Matter likely to be litigated, with officials agreeing the law was unclear in the earlier editions of the IPL.
The Union finance ministry may have to battle it out in court with the sponsors of the Indian Premier League (IPL) cricket tournament to make them comply with its service tax payment demands.
Companies which sponsored IPL in its first season have contested their liability to pay service tax in reply to showcause notices in this regard from the finance ministry. DLF, Hero Honda, JP Associates, Coca-Cola, United Breweries and United Spirits have refused to pay tax, saying the law prevalent in 2008-09 showed they were not liable to pay it on the sponsorship of sports events.
While revenue officials agree the then provisions of the Finance Act, 1994, left a grey area with regard to levy of service tax on sponsorship of sports events, they have issued notices on revenue considerations. Beginning with Chandigarh, the commissioners of service tax in other cities like Delhi, Mumbai, Hyderabad, Kolkata, Chennai and Jaipur have also issued notices to players of the IPL teams.
“The service tax commissioners feel it is a grey area and the Directorate General of Service Tax has taken up the matter with the finance ministry. But, to protect revenues, we have sent notices to sponsors. We have also written to players, as they are also participating in activities other than sports,” a revenue official told Business Standard on condition of anonymity.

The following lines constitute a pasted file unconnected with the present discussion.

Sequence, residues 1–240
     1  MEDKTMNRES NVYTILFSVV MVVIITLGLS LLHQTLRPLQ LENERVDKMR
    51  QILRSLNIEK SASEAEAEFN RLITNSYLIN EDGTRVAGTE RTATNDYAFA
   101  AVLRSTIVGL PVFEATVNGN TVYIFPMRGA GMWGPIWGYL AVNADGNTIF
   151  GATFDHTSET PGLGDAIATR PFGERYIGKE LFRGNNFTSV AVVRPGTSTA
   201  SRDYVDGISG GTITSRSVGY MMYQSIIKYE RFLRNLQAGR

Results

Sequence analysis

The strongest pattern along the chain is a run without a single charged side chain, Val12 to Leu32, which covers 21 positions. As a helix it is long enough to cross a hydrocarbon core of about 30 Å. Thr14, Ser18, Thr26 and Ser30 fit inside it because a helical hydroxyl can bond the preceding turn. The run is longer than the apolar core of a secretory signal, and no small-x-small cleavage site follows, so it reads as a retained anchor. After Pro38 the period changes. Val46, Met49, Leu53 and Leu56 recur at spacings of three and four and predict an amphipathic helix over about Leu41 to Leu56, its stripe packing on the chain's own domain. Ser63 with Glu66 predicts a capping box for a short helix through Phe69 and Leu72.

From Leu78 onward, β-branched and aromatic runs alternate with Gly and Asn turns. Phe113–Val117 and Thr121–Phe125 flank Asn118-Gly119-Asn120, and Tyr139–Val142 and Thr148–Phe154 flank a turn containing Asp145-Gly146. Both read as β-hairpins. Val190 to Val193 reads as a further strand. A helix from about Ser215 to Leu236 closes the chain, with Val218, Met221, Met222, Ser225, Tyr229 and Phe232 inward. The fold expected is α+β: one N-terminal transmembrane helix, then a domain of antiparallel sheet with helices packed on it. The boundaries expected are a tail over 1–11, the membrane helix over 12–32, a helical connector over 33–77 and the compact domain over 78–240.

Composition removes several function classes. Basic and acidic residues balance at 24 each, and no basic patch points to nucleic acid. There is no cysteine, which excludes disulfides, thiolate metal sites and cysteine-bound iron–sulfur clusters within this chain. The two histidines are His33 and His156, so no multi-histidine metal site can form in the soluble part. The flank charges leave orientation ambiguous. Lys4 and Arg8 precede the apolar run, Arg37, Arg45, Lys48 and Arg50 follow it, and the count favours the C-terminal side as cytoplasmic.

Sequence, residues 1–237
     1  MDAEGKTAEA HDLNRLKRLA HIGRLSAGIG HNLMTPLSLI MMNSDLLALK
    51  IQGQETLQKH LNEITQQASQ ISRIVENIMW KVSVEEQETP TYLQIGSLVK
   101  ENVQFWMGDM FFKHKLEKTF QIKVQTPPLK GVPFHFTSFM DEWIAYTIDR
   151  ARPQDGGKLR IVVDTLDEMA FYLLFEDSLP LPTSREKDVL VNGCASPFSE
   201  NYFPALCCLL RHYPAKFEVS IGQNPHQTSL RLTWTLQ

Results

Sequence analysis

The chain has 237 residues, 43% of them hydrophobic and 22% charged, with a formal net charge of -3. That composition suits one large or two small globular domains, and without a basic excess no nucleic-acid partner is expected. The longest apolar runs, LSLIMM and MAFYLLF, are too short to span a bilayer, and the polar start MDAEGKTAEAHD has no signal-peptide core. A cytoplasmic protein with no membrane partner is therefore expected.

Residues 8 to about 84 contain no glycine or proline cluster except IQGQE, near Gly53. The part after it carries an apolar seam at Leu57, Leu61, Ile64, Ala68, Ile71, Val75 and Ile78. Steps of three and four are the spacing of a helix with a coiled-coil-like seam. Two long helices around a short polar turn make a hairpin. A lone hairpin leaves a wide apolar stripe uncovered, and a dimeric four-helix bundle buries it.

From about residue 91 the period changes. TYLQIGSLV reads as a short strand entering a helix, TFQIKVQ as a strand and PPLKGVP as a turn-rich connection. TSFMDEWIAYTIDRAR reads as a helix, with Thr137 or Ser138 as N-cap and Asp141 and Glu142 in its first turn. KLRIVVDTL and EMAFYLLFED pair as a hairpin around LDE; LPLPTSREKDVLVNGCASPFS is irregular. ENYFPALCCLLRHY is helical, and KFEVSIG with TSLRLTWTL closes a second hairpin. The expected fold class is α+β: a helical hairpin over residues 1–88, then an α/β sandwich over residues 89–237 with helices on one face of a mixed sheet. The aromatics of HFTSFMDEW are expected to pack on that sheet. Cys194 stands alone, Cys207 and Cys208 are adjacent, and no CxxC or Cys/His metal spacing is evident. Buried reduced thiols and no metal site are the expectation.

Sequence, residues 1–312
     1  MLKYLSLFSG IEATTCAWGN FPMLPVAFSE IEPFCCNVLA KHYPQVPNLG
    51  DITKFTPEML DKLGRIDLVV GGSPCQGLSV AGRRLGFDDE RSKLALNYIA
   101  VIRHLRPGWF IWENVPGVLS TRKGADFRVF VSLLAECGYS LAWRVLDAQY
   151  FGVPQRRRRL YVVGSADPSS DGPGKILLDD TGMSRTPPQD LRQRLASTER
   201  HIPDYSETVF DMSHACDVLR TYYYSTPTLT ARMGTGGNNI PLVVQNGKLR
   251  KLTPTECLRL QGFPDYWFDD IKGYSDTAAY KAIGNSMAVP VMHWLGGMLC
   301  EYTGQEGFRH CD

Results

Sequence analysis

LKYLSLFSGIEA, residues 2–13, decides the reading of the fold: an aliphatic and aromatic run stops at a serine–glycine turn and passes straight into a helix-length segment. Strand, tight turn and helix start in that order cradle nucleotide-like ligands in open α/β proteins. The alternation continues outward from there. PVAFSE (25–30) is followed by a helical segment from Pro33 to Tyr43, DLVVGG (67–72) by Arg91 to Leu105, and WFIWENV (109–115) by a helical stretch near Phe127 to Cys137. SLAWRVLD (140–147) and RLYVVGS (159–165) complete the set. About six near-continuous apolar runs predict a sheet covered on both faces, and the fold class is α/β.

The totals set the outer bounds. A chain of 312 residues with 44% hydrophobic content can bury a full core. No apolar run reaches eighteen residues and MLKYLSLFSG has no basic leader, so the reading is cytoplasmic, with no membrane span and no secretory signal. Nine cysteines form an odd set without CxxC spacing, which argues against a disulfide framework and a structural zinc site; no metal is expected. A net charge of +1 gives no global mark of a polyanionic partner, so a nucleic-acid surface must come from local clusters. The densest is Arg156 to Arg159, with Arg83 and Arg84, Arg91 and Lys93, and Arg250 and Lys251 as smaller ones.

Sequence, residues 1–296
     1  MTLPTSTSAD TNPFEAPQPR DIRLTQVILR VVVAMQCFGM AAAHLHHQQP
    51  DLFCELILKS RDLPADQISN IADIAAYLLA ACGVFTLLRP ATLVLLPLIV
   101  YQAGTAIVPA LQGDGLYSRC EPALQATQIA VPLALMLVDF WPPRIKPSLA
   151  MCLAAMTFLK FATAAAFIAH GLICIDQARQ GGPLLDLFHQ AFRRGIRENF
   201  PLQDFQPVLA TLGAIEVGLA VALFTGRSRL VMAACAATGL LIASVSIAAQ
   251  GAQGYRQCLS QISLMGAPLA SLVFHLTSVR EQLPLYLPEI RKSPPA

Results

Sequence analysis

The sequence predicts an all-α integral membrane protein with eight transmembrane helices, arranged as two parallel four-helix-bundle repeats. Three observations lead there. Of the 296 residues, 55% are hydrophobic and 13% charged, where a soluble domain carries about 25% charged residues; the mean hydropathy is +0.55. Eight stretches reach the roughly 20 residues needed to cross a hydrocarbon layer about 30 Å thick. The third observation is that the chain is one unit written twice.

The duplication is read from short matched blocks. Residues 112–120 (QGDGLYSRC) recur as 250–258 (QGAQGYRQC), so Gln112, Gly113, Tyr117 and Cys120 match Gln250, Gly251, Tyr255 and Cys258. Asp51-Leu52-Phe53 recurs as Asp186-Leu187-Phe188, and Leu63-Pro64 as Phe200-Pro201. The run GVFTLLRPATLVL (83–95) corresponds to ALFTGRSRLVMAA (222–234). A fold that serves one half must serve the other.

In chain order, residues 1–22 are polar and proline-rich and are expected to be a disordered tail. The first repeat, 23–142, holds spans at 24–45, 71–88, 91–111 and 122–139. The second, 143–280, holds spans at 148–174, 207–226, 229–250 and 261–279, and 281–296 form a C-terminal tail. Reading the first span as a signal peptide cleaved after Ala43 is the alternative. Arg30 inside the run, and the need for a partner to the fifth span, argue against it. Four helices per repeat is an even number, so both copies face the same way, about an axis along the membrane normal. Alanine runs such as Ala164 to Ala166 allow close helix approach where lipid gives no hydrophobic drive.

However, Religare Enterprises and Adidas, which were also served the notice, have paid service tax of Rs 25 lakh and Rs 10 lakh, respectively. On the other hand, DLF, whose liability is 50 times higher than Adidas, at Rs 5 crore, contested the notice in its reply last week. Similarly, the government had issued two notices to Hero Honda for not making two service tax payments of Rs 1.73 crore and Rs 2.22 crore. JP Associates and Coca-Cola were also asked to pay Rs 1.85 crore and Rs 37 lakh, respectively.
According to the then Section 65 (105) of the Finance Act, 1994, taxable service is provided to any body corporate or firm, by any person receiving sponsorship, in relation to such sponsorship, in any manner, but does not include services in relation to sponsorship of events. Taking advantage of this ambiguity, the companies sponsoring IPL teams as well as related activities have said they are sponsoring the sports event and should be exempted from service tax.
In this year’s Budget, the government amended the clause and brought sponsorship of sports events under the service tax ambit, but the conflict would remain for the first three seasons of IPL.
The sponsors which have responded to the showcause notice will have to appear in person before the service tax commissioner of their respective region. If they still refuse to pay, the government will pass an order raising a demand, following which the companies can approach the Customs, Central Excise and Service Tax Appellate Tribunal.
Any party not satisfied with the judgment of the tribunal would be free to move the Supreme Court. If the government loses, it will have to refund the tax to companies which have already paid.
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